Friday, June 18, 2010

Europe Trip - 2010

June 8-9 - LA to Amsterdam

The flight from LA to Amsterdam was flawless. No turbulence and excellent service. KLM appears to be at odds with the typical U.S. airlines and actually gives you free wine, beer and even cognac after a very tasty dinner (also included in the price of the airfare). What a concept! Breakfast came before we landed and, even for me, was too much to eat. KLM definitely is getting my business whenever they fly to where I want to go.

Thankfully, our friends, Maria and Maarten were at Schiphol to whisk us away from the airport mayhem when we arrived. Shortly after our arrival we were sitting in their living room discussing things we had seemingly left hanging when we last met.

Later that evening, we drove into Amsterdam for “rystavel”, the traditional Indonesian dinner. As usual, it was very tasty and way too much food.

June 12 - Malaga, Spain

A couple of days later we were sitting in the Obispo Plaza in Malaga, in the shadows of the Obispo Cathedral at the Cheers Bar when the announcer on the big flat screen came on to say that the next soccer game was the U.S. v.s. Great Britain - this was at the world football cup in South Africa.

Malaga is one of the original old cities of the world. It’s been around since the Roman empire. It has had visits by the Visigoths and Moors before the Catholics were able to recapture the city in the 15th century. And here we are staying at a small guesthouse (Villa Alicia) in the hills of Malaga, just outside the old part of town. It’s a short walk from the Alicia’s up to Malaga’s history - the Gibralfaro fortress.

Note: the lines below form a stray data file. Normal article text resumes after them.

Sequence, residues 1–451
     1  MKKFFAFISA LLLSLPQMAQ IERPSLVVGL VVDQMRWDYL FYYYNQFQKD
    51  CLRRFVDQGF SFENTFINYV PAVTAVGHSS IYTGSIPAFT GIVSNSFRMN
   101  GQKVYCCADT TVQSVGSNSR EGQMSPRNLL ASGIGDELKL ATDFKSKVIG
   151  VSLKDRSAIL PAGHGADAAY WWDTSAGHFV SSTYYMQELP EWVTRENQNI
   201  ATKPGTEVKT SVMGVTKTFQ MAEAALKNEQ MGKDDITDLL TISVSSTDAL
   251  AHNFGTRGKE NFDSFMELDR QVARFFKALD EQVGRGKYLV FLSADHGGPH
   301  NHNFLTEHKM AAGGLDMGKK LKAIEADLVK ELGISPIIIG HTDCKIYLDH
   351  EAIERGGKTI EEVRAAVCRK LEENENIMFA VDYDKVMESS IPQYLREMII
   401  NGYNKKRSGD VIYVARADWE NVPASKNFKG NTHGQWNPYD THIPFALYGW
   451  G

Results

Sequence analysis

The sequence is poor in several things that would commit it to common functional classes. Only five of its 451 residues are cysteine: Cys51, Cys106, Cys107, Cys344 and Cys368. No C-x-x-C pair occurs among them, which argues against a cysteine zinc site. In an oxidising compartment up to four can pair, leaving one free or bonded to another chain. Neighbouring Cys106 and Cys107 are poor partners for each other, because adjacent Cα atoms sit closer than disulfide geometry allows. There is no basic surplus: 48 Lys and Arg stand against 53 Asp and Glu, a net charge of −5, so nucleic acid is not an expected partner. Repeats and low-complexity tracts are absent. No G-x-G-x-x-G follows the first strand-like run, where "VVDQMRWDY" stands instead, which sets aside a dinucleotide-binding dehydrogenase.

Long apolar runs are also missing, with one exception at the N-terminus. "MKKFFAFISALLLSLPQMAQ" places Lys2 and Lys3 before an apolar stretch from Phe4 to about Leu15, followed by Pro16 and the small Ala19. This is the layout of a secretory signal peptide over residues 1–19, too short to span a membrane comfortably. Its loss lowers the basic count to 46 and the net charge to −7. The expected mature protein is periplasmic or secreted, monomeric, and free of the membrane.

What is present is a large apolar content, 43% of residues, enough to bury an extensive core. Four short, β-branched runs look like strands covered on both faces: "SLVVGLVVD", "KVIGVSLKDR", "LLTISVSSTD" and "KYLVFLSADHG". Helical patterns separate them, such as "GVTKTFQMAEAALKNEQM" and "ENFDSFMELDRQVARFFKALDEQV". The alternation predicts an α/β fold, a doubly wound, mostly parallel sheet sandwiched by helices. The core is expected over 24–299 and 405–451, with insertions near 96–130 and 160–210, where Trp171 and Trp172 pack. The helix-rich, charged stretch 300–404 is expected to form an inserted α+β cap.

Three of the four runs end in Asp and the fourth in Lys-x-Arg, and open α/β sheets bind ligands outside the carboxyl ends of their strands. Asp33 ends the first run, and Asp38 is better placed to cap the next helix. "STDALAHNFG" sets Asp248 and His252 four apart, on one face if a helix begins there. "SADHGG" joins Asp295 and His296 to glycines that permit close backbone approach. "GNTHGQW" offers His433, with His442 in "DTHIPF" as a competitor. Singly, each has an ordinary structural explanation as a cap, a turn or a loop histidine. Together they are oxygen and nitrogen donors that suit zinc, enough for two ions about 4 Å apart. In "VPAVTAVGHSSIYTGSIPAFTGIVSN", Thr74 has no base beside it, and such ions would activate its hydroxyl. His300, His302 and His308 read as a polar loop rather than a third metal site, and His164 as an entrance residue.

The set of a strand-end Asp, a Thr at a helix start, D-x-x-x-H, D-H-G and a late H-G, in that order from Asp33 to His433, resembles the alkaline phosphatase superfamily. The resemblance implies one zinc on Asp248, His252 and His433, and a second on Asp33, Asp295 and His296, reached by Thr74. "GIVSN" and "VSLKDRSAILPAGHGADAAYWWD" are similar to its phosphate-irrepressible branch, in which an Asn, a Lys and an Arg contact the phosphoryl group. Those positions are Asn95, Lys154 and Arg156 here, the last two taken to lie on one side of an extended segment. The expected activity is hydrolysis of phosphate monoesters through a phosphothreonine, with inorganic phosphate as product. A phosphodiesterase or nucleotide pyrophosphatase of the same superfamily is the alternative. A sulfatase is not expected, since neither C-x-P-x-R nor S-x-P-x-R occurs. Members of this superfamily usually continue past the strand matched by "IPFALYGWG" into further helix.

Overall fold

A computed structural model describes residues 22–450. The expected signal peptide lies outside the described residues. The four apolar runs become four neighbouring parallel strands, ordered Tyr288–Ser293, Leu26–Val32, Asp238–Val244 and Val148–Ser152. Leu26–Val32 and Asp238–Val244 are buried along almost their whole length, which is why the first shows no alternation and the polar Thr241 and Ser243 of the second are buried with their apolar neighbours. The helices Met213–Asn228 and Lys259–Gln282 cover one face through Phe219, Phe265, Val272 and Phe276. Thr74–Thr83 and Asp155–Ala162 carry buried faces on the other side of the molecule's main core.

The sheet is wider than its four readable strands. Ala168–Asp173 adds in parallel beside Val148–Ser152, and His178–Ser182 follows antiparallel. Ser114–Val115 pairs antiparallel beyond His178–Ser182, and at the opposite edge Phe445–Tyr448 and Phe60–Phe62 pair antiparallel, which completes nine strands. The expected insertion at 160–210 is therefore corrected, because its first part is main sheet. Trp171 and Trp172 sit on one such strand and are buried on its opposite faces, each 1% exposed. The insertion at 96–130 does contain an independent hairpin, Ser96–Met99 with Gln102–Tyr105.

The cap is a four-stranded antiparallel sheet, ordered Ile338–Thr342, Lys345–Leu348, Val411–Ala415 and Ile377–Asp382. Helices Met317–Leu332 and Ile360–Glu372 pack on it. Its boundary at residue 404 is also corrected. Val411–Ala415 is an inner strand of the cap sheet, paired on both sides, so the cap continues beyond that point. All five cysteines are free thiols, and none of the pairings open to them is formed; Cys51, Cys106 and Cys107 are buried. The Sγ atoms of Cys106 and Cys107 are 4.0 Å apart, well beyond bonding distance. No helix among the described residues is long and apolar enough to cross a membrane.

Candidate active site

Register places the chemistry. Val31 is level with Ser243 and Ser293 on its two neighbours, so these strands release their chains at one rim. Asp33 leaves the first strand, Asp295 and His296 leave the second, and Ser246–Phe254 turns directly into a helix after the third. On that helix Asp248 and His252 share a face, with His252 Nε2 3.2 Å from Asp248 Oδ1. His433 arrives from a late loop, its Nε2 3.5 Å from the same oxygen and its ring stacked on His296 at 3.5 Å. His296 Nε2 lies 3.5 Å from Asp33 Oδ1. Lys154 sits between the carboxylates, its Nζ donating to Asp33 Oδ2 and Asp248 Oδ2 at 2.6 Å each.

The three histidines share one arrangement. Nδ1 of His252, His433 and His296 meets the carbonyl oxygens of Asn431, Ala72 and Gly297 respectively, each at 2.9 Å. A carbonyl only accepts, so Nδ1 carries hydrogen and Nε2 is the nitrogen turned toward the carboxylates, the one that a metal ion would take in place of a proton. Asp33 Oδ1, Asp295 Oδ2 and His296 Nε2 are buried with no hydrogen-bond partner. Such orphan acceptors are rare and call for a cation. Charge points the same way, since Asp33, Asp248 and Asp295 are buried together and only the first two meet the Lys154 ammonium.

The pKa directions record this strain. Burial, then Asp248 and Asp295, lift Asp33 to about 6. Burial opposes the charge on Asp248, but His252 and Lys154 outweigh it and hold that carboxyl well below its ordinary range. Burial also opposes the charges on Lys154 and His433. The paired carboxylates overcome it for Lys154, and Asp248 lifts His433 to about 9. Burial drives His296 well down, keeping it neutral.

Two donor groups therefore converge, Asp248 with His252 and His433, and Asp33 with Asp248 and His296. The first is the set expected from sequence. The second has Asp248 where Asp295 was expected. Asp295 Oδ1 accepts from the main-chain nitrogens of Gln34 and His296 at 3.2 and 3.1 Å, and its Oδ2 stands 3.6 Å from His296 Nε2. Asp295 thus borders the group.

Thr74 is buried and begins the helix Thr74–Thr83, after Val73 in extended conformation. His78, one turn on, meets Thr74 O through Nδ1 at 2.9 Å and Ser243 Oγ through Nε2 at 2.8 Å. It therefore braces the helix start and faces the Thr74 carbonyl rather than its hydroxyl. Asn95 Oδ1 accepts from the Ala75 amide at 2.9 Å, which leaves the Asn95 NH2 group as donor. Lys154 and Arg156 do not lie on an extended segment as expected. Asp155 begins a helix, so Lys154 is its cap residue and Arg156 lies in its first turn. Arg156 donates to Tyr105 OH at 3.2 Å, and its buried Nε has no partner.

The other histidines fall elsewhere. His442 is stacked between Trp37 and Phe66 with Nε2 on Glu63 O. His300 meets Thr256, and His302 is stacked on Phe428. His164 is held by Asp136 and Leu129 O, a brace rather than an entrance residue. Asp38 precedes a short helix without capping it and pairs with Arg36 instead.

One of the places we visited was the Pablo Picasso Museum. Although Picasso was born in Malaga, he left here when he was 19 and never returned. In spite of this, Malaga still pays homage to him in a serious way.

Although the museum has much of his typical works, there are lots of other, more unusual drawings and paintings of horses, rape scenes, bestiality, lots of curly pubic hair, minotaur sex scenes etc… I didn’t realize what a wild and crazy guy Pablo really was. Things of interest - 1) some of his drawings looked like they would take ten minutes to draw and had a long and curious title while other very detailed etchings that certainly would have taken many hours, if not days, to draw were listed as “untitled”. 2) There was little hiding the fact that he appreciated women with big boobs. And he didn‘t shy away from drawing detailed vaginas with lots of curly pubic hair.

He loved horses, bulls and bull fights. One of the simple drawings that he made was of two horses standing next to each other. It was all drawn with one line, never taking the pen off the paper. Quite remarkable. The museum also has quotes by Picasso. One of them was in regard to doves, in which he noted that he had watched doves peck another dove to death. He concluded, “So much for doves having anything to do with peace“.

June 14 - Day trip to Granada

Today we picked up our spiffy Mini Cooper and hit the road to Granada. It took us a little over an hour to get there on a very nice and smooth freeway that went through hilly country roads.